Today Barb and I had a full day of touring major historical sites outside Charlottesville. First we went to the Visitor Center and bought a Presidents' Pass, which gave us $4 off admission to three attractions: Monticello, Ash Lawn-Highland and Michie Tavern.
Our first stop was at Michie Tavern (www.michietavern.com). Michie Tavern, established in 1784 by Scotsman William Michie, served as the social center of its community and accommodated travelers with food, drink and lodging. In 1927, the Tavern was moved 17 miles to its present location close to Monticello. The Ordinary (dining room) is open from 11:00 to 3:30. We were too early to eat there but it didn't really matter. We enjoyed the tour anyhow. Each room has a button which visitors can press to hear a recorded presentation about each room. There also are tours by guides in period costumes but we didn't want to wait for one of those.
Then we traveled just a mile from the tavern to Monticello, Thomas Jefferson's home (www.monticello.org). Construction began in 1769 according to Jefferson's first design, which was completed (except for porticoes and decorative interior woodwork) when he left for Europe in 1784. Work on a new design for remodeling and enlarging the house began in 1796 and was complete by 1809. There are forty-three rooms in the entire structure: thirty-three in the house itself, four in the pavilions and six under the South Terrace. Visitors enter through the east front. It is the west front that is depicted on the penny. Sadly, photography is not allowed inside.
Our final visit of the day was at Ash Lawn-Highland (www.ashlawnhighland.org). Ash Lawn-Highland is the home of President James Monroe. It is owned and operated by The College of William and Mary, Monroe's alma mater. It is an historic house museum, 535-acre working farm and performing arts site in Albermarle County. President James Monroe and his wife, Elizabeth, owned Ash Lawn-Highland from 1793 to 1826 and made it their official residence from 1799 to 1823. After the Monroes' deaths, the name of their farm was changed from "Highland" to "Ash Lawn". Now both names are used. It was called Ash Lawn after the ash trees in front. Part of the house was burned and a new addition was built, connected to the original section. The addition is yellow and the original section is white, which makes for a rather unusual-looking house. It is not nearly so grand as the Jefferson home but, then, Monroe wasn't quite so wealthy. Photography was prohibited inside here, too.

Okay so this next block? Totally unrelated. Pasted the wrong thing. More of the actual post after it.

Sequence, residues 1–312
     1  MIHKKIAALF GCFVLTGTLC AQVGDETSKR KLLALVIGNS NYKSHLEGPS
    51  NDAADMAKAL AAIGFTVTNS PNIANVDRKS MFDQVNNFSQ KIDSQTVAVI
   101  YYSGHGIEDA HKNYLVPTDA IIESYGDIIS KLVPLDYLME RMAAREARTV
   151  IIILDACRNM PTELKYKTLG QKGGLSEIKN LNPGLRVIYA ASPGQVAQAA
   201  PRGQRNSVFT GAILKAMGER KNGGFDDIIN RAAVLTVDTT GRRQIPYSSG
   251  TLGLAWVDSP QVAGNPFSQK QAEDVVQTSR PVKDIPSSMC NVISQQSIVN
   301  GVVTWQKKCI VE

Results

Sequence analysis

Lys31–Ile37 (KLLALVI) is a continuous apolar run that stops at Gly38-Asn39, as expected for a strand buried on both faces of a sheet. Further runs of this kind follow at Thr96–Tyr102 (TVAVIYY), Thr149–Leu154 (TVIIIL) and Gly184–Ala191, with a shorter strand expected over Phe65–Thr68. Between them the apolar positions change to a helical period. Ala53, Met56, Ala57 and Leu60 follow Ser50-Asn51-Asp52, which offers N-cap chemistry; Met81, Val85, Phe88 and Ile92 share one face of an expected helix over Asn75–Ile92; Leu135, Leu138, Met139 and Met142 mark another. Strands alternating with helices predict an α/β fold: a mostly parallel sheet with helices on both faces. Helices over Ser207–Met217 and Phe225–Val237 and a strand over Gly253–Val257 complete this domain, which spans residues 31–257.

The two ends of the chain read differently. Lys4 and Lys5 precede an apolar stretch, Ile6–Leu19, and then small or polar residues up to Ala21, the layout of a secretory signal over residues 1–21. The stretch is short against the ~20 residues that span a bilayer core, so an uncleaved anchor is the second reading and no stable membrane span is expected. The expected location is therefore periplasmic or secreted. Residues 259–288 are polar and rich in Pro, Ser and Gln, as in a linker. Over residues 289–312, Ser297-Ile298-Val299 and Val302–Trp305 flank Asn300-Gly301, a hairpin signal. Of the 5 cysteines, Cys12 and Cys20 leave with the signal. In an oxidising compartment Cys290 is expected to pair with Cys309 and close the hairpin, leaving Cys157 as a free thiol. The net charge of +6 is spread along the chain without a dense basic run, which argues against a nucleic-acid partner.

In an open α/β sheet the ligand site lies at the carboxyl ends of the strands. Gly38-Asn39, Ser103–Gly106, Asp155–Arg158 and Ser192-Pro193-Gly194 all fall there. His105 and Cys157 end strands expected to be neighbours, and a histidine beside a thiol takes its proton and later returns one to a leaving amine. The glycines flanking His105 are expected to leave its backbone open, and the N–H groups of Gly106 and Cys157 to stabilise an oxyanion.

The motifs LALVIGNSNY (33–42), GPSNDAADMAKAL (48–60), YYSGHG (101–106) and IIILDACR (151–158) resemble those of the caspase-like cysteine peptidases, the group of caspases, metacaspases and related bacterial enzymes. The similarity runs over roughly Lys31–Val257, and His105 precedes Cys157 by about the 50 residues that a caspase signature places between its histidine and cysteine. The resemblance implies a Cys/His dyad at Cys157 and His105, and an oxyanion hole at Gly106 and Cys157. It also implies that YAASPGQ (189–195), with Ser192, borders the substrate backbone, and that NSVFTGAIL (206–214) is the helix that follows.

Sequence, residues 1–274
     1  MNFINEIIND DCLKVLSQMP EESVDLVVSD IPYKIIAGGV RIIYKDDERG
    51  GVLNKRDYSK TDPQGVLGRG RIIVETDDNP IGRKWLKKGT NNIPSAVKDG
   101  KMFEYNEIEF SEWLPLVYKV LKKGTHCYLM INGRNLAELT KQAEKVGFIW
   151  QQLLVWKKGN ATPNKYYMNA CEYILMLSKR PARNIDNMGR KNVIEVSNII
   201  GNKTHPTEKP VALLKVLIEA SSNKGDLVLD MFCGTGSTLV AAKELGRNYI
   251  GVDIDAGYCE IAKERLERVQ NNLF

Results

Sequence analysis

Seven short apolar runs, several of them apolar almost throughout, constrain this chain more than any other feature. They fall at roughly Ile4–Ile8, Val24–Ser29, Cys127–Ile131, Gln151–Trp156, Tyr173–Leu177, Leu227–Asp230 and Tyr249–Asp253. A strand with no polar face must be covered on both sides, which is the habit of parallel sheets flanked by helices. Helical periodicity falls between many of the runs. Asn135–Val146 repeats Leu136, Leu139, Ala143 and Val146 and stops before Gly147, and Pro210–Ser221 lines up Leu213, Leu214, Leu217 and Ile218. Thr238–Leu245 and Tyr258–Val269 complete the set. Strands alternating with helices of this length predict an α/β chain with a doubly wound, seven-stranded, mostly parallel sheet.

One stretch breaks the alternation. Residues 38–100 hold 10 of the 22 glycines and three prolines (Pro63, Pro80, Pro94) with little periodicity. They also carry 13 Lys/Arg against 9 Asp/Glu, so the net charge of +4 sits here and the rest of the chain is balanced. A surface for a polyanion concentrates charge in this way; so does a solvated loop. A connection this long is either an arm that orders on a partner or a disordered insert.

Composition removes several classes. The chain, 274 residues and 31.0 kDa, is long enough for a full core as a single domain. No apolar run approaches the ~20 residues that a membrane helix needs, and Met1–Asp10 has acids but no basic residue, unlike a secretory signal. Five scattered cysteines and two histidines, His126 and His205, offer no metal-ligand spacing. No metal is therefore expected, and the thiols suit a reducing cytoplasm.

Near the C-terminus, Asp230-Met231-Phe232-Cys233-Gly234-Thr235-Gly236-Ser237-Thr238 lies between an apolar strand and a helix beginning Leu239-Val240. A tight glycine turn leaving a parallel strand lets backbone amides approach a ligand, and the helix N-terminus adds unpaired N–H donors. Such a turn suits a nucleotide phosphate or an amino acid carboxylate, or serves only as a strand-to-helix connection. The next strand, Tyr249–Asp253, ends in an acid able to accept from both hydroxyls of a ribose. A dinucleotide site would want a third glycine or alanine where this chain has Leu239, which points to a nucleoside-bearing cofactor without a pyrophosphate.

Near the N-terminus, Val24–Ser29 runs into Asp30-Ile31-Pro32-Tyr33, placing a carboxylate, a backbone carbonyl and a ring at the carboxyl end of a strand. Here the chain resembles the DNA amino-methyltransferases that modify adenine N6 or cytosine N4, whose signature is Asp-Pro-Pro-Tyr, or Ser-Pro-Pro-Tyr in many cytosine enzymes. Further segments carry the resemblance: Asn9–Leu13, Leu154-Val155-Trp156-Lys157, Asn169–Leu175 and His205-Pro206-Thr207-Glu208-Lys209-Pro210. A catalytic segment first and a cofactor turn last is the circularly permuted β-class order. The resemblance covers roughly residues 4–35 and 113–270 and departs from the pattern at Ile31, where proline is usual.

We enjoyed all three of our tours. Afterwards we stopped at a little cafe in town specializing in home-cooked meals. The food was nothing special but we had a nice visit with the cook and the owner. It was mid-afternoon so we were the only customers. I think they were getting ready to close.